It’s Thursday, kiddies: the day when I roll out a few things I’ve been reading over the past week. Three of ‘em, to be exact. Enjoy. (Remember: click on the big bold print to read the entire article.)
While most churches implement a number of systems to help them carry out their mission, assimilation can often get lost in the shuffle. But assimilation, the process through which we build relationships and connections, lays the foundation for a visitor’s meaningful immersion in the church, and subsequently, their intentional discipleship.
It begins with a visitor’s first visit to your church and ends when that person becomes connected to and engaged with your church. But it is possible, however, for someone to join your church without ever making a connection.
But you can’t steward someone without a relationship or a connection. And assimilation connects people to your church through relationships – so a church that does assimilation well will also create strong disciples.
Assimilation includes four basic processes:
(via @mattwalshblog) Whether or not you agree with all of Matt’s political persuasions, this content is rich. The “Can you fall out of love with your kids?” question is jarring.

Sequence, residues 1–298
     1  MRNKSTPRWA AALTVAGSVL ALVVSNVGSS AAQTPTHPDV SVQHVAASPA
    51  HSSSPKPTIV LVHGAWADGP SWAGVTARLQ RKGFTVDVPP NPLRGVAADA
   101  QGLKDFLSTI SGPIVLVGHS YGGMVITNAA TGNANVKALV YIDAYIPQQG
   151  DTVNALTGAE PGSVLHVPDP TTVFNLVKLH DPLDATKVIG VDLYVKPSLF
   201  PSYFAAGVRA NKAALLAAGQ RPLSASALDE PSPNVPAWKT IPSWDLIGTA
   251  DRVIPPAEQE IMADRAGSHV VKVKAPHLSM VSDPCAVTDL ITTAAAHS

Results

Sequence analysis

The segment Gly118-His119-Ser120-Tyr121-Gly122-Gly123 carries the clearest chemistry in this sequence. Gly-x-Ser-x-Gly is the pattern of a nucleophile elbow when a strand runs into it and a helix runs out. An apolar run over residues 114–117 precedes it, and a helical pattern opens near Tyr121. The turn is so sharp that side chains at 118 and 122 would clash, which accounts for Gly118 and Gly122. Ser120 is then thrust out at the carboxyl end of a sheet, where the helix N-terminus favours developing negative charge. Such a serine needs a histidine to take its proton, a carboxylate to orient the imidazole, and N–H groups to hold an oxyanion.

It’s no surprise that we are so bad at marriage in this culture.
We’re bad at it because we don’t understand it, and we don’t understand it because we don’t understand love. You can’t forge a lasting marriage if all you know about love is what you learned from an Ed Sheeran song. It’s like trying to build a car when you think engines run on fairy dust. And that’s essentially how many of us approach marriage. We believe it’s fueled by some intense and mystical emotional force — a force we inaccurately call “love” — and as soon as we run out of this mysterious cosmic gasoline all we can do is send it to the scrap yard and find a new model.
(via @premiumfunny) Ain’t nothing not funny about monkey bloopers.
photo credit: Jason Mathis